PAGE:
I'm not gay. Never been even a flicker of interest in that direction. When I was young I thought there was something wrong with gays - men in particular. I think most of my contemporaries thought the same in those days. When I became an adult and thought about these things, I accepted that some people are just made that way - and so what. So like most people I was quite shocked to hear it reported today that the Pope has declared homosexuality to be a greater threat to humanity than destruction of the rain forests.
One reason this interested me is that my regard for the Catholic Church has risen over recent years. In particular, I think that the Church of Rome takes the sanctity of human life rather more seriously than other religions. This sense within me grew during passage of the Human Fertilization and Embryology Bill through the House of Commons earlier this year. And one of our sons has recently married a Catholic girl as well - so there's now a family interest in the Catholic Church.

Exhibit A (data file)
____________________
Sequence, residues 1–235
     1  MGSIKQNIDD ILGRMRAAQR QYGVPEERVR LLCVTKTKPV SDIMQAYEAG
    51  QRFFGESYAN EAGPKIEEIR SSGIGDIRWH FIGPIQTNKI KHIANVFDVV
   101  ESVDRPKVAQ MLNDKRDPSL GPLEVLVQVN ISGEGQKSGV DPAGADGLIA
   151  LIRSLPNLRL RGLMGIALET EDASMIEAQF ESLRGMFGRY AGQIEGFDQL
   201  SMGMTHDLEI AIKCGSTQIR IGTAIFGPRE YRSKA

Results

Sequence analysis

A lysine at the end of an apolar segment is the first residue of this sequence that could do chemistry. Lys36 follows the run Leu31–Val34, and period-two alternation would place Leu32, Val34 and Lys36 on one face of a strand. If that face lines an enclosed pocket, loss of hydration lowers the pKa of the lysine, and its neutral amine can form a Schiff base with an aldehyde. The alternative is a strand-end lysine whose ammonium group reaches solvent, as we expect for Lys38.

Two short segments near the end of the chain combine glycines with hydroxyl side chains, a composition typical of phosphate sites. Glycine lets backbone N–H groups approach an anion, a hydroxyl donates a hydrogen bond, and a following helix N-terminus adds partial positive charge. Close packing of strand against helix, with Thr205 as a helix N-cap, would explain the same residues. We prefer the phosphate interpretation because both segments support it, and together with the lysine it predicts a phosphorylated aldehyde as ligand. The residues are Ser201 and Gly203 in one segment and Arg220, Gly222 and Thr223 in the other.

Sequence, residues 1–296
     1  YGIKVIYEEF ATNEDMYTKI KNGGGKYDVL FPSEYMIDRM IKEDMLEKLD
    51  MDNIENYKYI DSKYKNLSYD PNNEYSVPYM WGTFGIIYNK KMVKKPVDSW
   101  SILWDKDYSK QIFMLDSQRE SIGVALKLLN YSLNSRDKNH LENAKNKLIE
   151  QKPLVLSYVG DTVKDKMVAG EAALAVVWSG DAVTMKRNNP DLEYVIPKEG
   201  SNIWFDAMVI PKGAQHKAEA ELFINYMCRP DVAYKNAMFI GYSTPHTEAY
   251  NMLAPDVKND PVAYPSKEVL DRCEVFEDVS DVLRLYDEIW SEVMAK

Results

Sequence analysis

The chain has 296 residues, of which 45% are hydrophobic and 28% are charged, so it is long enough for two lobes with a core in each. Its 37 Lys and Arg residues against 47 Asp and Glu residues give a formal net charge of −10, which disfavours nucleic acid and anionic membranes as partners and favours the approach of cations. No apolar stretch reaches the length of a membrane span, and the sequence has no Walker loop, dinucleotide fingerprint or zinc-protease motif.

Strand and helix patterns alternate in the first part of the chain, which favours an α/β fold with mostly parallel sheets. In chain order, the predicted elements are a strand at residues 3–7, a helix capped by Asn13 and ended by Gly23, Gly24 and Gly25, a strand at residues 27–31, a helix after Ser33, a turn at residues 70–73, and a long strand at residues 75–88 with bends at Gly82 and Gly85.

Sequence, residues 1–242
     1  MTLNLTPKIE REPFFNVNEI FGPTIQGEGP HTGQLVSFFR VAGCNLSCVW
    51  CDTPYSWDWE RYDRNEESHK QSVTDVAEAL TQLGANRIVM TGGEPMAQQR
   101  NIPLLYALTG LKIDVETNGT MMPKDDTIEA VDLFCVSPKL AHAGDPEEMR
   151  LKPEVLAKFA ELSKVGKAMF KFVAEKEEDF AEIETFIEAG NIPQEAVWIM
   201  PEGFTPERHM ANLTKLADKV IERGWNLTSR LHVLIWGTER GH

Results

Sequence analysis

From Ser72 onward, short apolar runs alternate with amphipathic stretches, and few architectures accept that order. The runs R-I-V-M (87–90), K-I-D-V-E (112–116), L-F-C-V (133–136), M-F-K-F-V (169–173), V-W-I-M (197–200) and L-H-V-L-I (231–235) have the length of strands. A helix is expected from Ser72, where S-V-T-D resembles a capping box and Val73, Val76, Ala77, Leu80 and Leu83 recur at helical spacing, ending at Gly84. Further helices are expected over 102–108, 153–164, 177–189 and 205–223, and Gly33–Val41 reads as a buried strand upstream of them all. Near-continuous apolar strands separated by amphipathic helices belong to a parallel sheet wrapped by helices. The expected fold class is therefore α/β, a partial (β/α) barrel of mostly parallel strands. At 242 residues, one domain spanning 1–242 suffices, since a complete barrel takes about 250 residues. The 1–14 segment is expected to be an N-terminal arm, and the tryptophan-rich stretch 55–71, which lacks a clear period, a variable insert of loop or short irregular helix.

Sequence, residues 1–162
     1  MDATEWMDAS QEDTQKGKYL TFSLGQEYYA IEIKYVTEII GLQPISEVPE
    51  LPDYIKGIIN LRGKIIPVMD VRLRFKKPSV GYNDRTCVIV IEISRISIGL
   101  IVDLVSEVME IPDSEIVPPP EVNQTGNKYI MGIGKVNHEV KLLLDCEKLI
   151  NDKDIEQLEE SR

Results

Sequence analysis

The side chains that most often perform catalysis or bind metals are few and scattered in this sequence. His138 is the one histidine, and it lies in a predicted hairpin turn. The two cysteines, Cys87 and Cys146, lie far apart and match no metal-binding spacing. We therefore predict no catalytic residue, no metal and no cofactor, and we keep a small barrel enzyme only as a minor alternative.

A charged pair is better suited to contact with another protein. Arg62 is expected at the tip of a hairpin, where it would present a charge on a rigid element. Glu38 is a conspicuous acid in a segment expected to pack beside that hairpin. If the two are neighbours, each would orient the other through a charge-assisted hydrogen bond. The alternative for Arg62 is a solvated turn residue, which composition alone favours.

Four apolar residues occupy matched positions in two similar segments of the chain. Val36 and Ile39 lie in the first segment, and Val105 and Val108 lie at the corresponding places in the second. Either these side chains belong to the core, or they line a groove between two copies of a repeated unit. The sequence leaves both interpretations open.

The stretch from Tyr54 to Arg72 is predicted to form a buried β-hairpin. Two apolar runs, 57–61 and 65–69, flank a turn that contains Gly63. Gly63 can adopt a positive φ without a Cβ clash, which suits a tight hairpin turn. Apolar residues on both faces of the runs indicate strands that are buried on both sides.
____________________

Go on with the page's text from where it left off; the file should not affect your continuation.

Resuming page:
Which brings me to the point I want to post on tonight. Not surprisingly, fellow blogger, Iain Dale, (and many others) has taken great exception to what the Pope is reported to have said. I read some of the comments on his blog post, which included some from Greg, who sought to defend the Pope. The gist of Greg's interpretation of the Holy Father's words were that they were about the sanctity of the human body, and that sex should be an act of creation within marriage - an aspiration which is beyond most human beings, who are, of course, imperfect. In the interests of balance, I thought it was worth repeating the only part of the Pope's speech which referred to rain forests.
"But in so doing, (abusing the sanctity of the human body) the human being lives against the truth, and against the Spirit creator. Rain forests deserve, yes, our protection, but the human being - as a creature which contains a message that is not in contradiction with his freedom, but is the condition of his freedom, does not deserve it less"
Its still out of touch with the way many humans choose to live their lives today. It may be very idealistic, and divorced from reality, but it does not appear to be as blatantly homophobic as has been generally interpreted.